Facial recognition software, mental healthcare in schools among 63 new Alabama laws

On July 1, more than 60 new laws went into effect in Alabama, among those are laws regarding facial-recognition software and mental healthcare in schools.
Published: Jul. 1, 2022 at 10:11 PM CDT
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HUNTSVILLE, Ala. (WAFF) - On July 1, more than 60 new laws went into effect in Alabama, among those are laws regarding facial-recognition software and mental healthcare in schools.

State Senator Arthur Orr sponsored several new laws in the 2022 legislative session, one of which involves facial recognition software (SB56). With the help of technology, law enforcement can use facial-recognition software to catch people committing robberies or other crimes but it’s not foolproof.

“The problem is the computer software made mismatches, particularly in the case of dark-skinned individuals so people from South Asian or African Americans would have a lot of mismatches or incorrect matches,” said State Senator Orr.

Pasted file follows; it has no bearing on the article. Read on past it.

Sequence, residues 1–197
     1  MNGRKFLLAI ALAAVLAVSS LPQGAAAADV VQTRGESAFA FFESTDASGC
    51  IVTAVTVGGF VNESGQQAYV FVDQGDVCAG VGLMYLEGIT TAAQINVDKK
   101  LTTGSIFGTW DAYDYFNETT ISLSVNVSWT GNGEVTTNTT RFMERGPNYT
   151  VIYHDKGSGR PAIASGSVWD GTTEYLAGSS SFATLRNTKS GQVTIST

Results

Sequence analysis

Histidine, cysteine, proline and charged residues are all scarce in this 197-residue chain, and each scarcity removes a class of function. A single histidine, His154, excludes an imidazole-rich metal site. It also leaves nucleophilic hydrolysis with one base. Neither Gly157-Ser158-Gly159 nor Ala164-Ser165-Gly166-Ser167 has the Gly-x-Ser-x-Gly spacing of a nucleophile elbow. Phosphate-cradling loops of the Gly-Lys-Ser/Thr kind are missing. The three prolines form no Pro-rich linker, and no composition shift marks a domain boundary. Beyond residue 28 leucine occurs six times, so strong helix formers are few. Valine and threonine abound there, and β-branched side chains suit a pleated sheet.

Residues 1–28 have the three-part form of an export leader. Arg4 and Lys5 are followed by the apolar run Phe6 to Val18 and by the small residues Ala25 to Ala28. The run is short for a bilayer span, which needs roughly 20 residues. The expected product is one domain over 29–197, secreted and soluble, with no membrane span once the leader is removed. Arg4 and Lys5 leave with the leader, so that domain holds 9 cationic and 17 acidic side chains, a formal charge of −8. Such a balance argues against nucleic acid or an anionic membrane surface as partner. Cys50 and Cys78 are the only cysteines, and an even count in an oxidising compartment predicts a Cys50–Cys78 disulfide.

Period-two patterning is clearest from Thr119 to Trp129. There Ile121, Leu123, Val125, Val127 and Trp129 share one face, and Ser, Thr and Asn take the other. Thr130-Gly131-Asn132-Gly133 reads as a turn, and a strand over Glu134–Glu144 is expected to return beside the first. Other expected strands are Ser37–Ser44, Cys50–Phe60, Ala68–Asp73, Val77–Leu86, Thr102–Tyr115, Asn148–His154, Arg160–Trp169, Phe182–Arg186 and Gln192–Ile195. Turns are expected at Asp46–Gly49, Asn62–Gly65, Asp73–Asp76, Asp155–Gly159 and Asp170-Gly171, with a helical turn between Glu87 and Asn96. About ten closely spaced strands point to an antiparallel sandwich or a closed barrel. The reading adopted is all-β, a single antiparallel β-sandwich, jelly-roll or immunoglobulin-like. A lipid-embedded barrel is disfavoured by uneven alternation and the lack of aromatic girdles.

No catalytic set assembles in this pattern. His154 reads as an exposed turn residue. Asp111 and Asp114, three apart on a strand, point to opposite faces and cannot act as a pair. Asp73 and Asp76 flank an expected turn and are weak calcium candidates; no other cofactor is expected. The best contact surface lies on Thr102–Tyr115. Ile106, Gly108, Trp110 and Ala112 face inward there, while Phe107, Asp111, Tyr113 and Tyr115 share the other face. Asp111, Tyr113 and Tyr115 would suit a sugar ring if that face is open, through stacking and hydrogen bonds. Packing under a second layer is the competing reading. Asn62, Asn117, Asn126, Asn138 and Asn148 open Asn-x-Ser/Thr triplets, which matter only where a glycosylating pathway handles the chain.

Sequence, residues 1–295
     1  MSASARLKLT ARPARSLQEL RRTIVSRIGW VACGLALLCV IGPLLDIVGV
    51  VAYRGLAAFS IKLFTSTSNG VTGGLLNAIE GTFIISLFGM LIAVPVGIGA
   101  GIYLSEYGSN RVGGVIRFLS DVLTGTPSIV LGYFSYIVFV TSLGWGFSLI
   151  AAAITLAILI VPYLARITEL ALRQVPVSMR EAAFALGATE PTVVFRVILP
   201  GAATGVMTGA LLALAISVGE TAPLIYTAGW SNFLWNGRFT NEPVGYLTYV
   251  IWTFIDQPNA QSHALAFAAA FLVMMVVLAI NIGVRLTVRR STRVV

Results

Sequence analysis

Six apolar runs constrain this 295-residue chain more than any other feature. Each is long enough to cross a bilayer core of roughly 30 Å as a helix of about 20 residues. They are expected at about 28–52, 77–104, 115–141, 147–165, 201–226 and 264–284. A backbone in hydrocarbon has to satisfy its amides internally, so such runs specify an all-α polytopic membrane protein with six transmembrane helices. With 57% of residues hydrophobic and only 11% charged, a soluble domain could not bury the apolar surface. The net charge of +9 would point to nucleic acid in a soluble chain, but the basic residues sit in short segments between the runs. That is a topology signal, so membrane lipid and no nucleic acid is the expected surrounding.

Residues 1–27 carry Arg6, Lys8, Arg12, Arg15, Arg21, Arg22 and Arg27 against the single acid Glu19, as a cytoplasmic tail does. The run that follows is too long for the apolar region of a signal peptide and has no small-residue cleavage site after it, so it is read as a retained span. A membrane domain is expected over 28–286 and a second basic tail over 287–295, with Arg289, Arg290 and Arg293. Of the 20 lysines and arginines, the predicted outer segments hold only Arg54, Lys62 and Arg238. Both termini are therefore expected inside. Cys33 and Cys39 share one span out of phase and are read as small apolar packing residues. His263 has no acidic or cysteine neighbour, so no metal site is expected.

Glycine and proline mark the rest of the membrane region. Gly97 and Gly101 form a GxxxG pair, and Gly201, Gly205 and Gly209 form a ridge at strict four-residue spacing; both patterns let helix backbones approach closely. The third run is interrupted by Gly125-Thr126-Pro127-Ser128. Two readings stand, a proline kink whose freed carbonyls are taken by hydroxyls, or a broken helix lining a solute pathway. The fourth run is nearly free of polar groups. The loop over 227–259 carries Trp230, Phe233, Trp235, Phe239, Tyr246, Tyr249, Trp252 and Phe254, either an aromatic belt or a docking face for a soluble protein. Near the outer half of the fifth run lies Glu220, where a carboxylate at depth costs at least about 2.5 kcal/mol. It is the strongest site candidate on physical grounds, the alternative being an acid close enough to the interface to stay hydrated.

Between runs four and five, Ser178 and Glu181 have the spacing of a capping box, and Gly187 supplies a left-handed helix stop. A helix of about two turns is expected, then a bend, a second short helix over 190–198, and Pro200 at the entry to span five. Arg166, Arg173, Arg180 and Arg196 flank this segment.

Academic and government studies have shown facial recognition systems misidentify people of color more often than white people.

That’s why a new state law now prevents police from only using facial recognition for probable cause.

“This requires law enforcement to have some other type of evidence to use before they can make an arrest,” says State Senator Orr.

Another new law requires all public schools in Alabama to have a Mental Health Service Coordinator.

Madison County Schools already have one and according to the Director of Equity and Innovation, Dr. Rachel Ballard, the district was part of the pilot program for the past two years.

“They can coordinate not only with our school-based therapists through partnership but also our school counselors,” said Dr. Ballard. “We’re proud all of our administrators and counselors are now mental health first aid certified and that Mental Health Services coordinated that for all our staff.”

Dr. Ballard says they help bring resources to the school and connect students with personalized mental health services.

“If there’s a student that is going through a difficult situation, maybe a divorce in the family or death of a loved one, our Mental Health Services Coordinator sets up services with the student, the family and the school as they’re supporting that student.”

Dr. Ballard says the coordinator position was funded through grants during the pilot program, but, she says she doesn’t know how it will be funded in the future.

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